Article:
Editorial: Holidays don’t have to be the most stressful time of year

Originally Posted on The Maine Campus via UWIRE

As the most stressful time of the semester approaches, many wait anxiously for the much needed time off from school that comes with Thanksgiving break. Yet for many others, Thanksgiving break also serves as a time of a whole new source of stress; food, family gatherings and home lives are not always happy and welcoming. This year, try to approach this five-day break with a positive mindset. 

Holidays are usually dubbed the happiest time of the year, even though many people actually spend their time wondering how they are going to survive the holiday season instead of enjoying it. To keep your mood positive, take time to be grateful, remember to go easy on yourself, and attempt to maintain a positive attitude. 

In a body-conscious world, it can be easy to be consumed by the idea of counting calories and watching what you eat. While it is always important to be aware of your health and take care of yourself, make sure you allow yourself to indulge in an extra slice of pie or another serving of those hearty mashed potatoes if you so desire. If you enter a food-heavy family gathering with an overly critical mindset, you may find yourself falling into an increasingly stressed headspace as the plates of food are passed continuously in front of you. Remember that a day of indulgence can also be a positive one.

The whole foundation of the November holiday is the practice of giving thanks. While at a superficial level this statement may seem cheesy, gratitude has been scientifically proven to increase levels of happiness and lower rates of depression. It is too easy in life to focus on the negative side of things, like rude family members, ostracising and dividing political discussions and extra homework assignments for classes. Practicing gratitude is a way to fight the “negative triad” outlook, a symptom of depression that creates negatives views about the self, the world, and the future. To combat this, practice writing in a journal every morning or evening and list a few things you are grateful for. 

Going home for the holidays with a few days off from school is also the perfect opportunity to slow down and take care of yourself. Every day, take the time to think of one small action you can do to help yourself relax and regain a positive mindset. This can be as simple as meeting up with an old friend, making yourself a cup of hot chocolate or indulging in a few episodes of your favorite television show. It can be easy to neglect self-care when your school, work, and social life grow more demanding. Small acts of kindness to yourself will actually help you foster the mindset needed to meet all of life’s demands.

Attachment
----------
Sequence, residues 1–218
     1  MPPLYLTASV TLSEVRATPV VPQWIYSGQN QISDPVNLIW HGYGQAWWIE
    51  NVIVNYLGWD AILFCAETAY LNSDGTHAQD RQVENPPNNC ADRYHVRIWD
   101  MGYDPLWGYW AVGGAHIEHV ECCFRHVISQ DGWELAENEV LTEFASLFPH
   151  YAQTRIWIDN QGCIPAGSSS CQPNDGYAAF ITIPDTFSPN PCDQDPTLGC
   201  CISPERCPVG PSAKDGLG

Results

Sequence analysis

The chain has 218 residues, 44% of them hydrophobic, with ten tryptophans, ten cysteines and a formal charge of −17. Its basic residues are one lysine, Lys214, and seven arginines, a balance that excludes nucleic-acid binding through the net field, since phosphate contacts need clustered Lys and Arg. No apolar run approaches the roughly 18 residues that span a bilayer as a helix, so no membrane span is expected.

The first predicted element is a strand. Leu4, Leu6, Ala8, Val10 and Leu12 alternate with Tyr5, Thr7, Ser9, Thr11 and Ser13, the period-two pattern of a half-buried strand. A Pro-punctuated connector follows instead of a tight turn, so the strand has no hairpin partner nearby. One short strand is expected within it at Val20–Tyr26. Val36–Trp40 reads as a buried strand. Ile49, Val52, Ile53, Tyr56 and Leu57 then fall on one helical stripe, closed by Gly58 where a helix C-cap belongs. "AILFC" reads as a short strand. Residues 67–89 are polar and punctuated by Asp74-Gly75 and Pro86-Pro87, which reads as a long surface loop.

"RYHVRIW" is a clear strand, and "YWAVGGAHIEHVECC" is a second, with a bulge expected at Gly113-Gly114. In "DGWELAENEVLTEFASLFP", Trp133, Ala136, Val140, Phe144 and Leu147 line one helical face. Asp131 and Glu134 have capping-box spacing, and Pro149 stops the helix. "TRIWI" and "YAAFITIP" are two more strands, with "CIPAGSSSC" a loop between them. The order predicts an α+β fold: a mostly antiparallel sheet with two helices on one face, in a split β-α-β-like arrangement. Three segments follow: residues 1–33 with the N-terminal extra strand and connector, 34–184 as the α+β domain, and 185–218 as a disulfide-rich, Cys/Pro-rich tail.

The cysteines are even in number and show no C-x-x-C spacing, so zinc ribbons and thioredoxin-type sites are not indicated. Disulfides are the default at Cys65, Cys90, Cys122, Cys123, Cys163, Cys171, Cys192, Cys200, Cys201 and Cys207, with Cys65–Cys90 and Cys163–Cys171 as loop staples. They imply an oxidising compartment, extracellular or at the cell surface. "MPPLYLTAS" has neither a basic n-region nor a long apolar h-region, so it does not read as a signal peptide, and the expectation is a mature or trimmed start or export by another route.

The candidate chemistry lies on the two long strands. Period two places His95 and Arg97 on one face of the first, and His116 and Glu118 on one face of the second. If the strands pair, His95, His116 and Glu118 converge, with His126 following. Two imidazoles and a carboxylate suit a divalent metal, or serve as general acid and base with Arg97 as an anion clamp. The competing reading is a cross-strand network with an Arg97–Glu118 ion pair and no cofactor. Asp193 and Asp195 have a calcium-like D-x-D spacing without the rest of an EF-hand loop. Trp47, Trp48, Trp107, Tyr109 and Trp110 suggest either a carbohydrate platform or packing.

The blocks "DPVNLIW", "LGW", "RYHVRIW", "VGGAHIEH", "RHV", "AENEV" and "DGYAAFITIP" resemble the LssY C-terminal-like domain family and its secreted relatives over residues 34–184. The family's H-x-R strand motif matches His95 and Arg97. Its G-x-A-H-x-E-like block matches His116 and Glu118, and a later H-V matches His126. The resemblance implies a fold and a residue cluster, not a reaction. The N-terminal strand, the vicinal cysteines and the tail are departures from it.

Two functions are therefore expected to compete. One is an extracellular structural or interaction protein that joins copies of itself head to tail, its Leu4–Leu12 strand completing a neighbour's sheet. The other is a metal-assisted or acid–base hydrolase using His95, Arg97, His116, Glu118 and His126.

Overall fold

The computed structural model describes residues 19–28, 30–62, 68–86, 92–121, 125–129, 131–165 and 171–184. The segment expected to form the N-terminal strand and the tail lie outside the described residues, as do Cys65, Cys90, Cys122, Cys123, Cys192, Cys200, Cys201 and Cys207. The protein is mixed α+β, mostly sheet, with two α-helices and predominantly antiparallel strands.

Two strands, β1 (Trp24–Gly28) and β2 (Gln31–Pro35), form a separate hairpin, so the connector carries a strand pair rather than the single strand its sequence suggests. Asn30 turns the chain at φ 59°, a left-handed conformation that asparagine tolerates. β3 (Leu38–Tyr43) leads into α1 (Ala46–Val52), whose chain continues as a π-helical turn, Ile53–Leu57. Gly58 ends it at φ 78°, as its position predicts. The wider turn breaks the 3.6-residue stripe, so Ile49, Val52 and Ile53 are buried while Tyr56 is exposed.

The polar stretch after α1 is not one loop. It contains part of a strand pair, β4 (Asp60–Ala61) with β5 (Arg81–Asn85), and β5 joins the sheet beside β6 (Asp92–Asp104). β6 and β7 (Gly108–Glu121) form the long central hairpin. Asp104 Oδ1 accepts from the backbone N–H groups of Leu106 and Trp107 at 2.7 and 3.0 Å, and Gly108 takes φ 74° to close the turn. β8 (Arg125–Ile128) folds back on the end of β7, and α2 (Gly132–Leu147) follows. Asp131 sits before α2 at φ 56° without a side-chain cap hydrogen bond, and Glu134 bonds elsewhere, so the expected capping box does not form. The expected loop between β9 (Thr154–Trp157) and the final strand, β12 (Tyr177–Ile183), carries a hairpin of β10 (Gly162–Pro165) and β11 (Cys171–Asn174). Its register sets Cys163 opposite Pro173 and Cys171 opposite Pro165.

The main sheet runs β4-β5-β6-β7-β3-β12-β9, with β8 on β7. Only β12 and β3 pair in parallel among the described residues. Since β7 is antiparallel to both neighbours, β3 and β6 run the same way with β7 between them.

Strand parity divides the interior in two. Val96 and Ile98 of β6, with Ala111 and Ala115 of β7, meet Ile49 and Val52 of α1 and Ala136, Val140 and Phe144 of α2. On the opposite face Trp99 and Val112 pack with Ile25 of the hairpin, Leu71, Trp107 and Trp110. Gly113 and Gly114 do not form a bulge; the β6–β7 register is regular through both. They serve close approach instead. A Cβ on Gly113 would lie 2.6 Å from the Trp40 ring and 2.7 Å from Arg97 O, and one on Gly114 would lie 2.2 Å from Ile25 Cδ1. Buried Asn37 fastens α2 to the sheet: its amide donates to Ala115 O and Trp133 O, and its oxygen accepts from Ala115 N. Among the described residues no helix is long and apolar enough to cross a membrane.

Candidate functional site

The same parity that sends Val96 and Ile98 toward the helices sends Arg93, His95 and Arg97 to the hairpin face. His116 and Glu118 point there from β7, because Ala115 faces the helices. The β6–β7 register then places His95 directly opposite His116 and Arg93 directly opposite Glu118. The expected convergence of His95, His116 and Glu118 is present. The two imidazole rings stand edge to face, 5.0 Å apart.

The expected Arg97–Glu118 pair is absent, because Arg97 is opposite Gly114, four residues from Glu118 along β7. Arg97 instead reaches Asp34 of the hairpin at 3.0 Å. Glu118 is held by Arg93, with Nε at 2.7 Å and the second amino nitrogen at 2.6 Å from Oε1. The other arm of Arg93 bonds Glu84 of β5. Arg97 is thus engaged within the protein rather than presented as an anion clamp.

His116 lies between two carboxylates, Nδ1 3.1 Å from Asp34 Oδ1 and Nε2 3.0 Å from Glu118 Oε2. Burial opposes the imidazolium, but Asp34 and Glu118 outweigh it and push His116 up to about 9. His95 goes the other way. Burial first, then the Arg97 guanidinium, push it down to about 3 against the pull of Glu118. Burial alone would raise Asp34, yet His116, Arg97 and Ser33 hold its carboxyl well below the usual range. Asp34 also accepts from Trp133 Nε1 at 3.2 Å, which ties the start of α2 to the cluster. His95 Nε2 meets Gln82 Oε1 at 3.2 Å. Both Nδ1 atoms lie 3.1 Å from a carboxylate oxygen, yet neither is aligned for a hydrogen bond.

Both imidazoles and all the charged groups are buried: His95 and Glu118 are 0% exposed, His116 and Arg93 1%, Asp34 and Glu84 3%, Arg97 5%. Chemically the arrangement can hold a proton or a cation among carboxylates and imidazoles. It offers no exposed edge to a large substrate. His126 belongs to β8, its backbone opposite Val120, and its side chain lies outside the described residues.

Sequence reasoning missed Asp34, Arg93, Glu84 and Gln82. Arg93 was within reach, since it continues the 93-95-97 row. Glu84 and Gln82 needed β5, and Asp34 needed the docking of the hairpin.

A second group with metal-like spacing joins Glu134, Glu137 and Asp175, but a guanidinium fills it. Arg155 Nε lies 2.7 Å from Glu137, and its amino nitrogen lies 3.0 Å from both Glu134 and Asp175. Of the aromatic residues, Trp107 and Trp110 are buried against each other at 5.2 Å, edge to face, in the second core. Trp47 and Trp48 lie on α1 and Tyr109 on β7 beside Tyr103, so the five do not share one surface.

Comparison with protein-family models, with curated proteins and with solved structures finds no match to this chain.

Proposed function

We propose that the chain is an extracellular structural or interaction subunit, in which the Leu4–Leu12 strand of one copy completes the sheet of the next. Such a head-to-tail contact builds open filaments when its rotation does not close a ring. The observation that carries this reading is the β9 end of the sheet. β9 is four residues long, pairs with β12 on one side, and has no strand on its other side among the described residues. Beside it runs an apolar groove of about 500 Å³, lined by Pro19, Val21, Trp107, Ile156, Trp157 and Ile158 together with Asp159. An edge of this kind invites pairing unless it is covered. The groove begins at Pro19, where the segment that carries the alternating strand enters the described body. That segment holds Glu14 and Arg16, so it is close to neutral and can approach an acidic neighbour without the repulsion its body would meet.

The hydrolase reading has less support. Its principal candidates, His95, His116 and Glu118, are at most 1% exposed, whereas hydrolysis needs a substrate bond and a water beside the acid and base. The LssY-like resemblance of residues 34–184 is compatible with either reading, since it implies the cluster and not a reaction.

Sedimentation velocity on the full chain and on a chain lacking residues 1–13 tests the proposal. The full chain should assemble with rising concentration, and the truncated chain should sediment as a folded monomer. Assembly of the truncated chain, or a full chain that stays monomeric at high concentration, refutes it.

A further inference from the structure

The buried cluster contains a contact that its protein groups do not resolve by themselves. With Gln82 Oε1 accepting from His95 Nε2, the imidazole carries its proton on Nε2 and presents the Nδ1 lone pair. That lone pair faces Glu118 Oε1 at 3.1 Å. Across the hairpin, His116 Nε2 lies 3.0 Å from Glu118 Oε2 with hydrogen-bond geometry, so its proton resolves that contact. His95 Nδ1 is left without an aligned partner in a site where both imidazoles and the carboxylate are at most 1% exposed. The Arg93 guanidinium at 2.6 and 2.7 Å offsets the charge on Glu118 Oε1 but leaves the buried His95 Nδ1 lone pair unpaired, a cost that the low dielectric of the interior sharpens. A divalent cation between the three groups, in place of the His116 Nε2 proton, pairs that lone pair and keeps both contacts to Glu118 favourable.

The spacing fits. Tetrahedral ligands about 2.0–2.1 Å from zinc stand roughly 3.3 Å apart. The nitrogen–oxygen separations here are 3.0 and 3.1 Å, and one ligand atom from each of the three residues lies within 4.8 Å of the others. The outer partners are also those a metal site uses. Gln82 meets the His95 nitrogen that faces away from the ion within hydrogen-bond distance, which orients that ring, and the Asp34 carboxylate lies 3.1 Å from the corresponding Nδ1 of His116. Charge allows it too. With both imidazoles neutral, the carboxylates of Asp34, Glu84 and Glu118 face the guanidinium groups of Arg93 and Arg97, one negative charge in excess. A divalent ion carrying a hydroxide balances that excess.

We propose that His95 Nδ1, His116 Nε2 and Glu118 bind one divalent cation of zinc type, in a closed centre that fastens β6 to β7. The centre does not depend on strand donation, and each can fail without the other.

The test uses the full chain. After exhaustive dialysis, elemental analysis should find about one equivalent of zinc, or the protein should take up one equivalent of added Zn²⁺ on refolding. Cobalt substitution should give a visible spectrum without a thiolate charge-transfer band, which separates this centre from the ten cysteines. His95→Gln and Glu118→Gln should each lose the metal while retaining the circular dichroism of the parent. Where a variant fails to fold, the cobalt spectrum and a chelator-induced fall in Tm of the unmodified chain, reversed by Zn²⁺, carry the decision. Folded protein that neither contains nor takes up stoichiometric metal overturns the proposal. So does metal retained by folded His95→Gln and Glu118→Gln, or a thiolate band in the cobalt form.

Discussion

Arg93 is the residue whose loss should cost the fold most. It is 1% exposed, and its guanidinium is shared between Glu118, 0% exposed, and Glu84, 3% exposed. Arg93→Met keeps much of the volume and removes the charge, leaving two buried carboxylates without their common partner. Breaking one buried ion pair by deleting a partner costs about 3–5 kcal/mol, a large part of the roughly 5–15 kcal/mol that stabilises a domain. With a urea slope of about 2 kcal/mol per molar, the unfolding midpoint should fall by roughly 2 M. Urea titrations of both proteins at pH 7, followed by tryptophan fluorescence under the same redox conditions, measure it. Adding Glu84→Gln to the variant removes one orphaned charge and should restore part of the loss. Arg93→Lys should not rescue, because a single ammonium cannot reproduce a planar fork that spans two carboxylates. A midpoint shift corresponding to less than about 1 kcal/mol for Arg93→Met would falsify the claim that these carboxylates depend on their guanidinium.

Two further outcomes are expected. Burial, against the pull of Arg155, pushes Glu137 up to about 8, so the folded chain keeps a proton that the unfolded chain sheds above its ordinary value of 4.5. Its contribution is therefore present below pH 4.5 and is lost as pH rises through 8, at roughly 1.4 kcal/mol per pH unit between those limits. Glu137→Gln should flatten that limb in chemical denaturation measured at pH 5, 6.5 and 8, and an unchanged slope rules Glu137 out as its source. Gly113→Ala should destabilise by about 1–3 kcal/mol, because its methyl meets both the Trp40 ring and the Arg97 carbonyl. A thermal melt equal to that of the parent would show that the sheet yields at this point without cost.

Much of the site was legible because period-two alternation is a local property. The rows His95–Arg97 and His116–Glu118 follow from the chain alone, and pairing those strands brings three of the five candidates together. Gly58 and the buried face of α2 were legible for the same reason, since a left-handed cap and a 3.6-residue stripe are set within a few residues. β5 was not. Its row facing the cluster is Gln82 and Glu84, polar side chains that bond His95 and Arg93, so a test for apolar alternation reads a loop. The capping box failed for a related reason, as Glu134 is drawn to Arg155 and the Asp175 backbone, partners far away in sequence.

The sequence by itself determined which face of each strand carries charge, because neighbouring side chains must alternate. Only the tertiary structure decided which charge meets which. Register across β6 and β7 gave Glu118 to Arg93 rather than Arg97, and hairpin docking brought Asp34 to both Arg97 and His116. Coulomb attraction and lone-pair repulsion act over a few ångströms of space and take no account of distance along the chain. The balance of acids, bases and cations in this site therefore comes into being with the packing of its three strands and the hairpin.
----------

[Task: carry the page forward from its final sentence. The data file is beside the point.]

This tip also applies to Thanksgiving day itself. Every individual has a unique family composed of different sizes, generations and ideologies, which can be overwhelming. Answering the same questions over and over about your studies, your friends and your future can cause anxiety and an overall negative mood. Remember that it is fully acceptable and even encouraged to take a few minutes when you need it to yourself.  When you start to feel overwhelmed, give yourself a physical restart by removing yourself and recentering in the quiet of your own company.

For many people, Thanksgiving means required time with family members related by blood. While it is important to spend time and be grateful for the family you do have, surrounding yourself with your found family, comprised of caring friends, co-workers or teammates, is just as essential. Found families are important for college-aged students as they provide a safe space for new ideas, identities and support. If you haven’t already, consider organizing a “Friendsgiving,” where you can gather to celebrate and be thankful for your found family just as much as your blood family. 

At this time of year, it can be easy to let yourself become overwhelmed with deadlines and responsibilities. This Thanksgiving break can serve as a much needed mental, physical and emotional break, as long as you remember to take care of yourself, maintain a positive attitude and truly take the time to rest in order to come back to school refreshed and ready to finish the semester strong.

Read more here: https://mainecampus.com/2019/11/editorial-holidays-dont-have-to-be-the-most-stressful-time-of-year/
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